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Big phat Indian weddings

Big phat Indian weddings

Kipp is a little startled by the fact that the $40 billion Indian Wedding Industry is unaffected by the recession and is still booming.


November 15, 2010 4:19 by

The Guardian headline “Wealthy Indians hire actors to masquerade as family wedding guests” caught our attention this afternoon for several reasons. [Kipp must digress to point out that the headline is rather misleading; Bollywood actors are hired to attend as celebrity guests, not quite masquerading as such.]

The new emerging trend to hire a celebrity or two for the big night is big business. According to The Guardian “The ordinary package, which costs around £7,000 [approx 40,000] for actresses like Minissha Lamba [think Nicole Ritchie] is inclusive of getting pictures with the bride and groom. In the case of high-profile actresses, it goes up to £70,000 [approx Dh 400,000].”
And what it all comes down to is prestige. Sanjay Dharewa, who owns a celebrity management company, told AFP “Hiring Bollywood actors to make a guest appearance at a wedding is the best way to entertain guests (…) It displays your spending power.”

Dishing out more than Dh4000,000 to have John Abraham shake hands with your aunt at your shaadi (wedding), got us thinking about the Indian wedding industry. The industry, which The Star prices to be worth $40 billion, is said to be one of the few unaffected by the recession. Whether its event management, honeymoon planning, catering, flower arrangement, on-site wedding portals, wedding fair organization, henna making, choreography, and “wedsites”, the industry serves India’s richest including those benefiting from the recent IT boom. And for those who can’t afford the wedding of the year, banks offer special wedding loans.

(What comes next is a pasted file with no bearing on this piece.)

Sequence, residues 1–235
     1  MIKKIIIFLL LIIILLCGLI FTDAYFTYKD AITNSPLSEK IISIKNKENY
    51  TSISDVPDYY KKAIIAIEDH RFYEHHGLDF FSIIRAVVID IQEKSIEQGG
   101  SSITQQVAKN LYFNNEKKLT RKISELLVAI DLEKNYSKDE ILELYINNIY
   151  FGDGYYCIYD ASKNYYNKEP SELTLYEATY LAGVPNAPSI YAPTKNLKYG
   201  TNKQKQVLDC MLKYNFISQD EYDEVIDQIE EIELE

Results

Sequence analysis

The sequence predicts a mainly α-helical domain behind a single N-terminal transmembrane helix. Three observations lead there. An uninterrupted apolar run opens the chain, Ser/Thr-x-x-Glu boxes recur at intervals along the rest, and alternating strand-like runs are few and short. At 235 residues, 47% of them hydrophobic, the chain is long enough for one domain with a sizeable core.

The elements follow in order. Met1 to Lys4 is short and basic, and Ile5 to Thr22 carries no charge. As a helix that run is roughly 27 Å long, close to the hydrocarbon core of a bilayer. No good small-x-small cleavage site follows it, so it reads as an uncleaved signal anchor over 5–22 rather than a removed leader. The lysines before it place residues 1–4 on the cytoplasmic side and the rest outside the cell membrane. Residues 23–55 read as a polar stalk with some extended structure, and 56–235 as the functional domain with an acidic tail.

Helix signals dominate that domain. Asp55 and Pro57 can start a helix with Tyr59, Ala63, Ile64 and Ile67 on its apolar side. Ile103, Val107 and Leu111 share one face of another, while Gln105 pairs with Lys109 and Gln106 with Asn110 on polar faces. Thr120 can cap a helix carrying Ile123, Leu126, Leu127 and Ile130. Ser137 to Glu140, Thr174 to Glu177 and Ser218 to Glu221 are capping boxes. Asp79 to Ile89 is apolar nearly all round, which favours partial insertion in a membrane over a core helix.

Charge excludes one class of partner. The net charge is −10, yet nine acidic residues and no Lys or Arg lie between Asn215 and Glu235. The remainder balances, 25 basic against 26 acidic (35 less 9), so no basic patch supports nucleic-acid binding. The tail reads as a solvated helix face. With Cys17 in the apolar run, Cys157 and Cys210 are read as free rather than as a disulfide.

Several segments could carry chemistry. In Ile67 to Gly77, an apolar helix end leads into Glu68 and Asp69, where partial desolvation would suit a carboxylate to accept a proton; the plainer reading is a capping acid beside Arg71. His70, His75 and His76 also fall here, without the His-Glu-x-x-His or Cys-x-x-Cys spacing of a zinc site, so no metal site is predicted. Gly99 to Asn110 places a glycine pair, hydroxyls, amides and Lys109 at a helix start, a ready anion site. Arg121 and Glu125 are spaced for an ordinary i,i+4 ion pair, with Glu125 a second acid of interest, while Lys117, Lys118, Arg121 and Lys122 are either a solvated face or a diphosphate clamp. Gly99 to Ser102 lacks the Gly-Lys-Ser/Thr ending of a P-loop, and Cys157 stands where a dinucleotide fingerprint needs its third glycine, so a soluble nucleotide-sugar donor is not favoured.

What do these weddings look like? Consider the extravagant affair that was the Chatwal wedding a few years ago. When Vikram Chatwal, son of US based Indian hotelier, wed model Priya Sachdev, he did it with 50,000 kilograms of flowers shipped from Holland, Thailand and Calcutta, 3,000 candles, drapes made of 65,000 meters of fabrics over 3 cities, 14 hotels and 70 private cars.

Indian weddings surely are big business, but we can’t help wondering if they are really worth it?


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  1. Yusuf Thakur on November 21, 2010 9:21 am

    Its great that they spend money on the most important event (its not a marriage anymore) an event that is all about proving how much you can blow. I would like to point them in the directions of scores of charities in India if they commit to give 10% of the EVENT money it would help those who cant even afford a meal. CRY is one such.

  2. VMB on November 21, 2010 3:14 pm

    “Indian weddings surely are big business, but we can’t help wondering if they are really worth it?”

    You can’t decide if Indian weddings are really worth what ?

  3. tazz on November 21, 2010 9:51 pm

    Thumbs up to VMB. the tone of the whole article feels like flamebait. if money’s no objection to some wealthy Indians, then’s who’s anyone to question the worth? And its Dh 4,000,000, not ‘Dh4000,000′. If Kipp’s goal is to publish pointless articles, the least they could do is proofread to ensure no typos have crept in.

  4. Andrew on November 22, 2010 11:13 am

    If we’re told that economic activity is good for the economy, why is some considered not? If people want to spend their money on something – let them.


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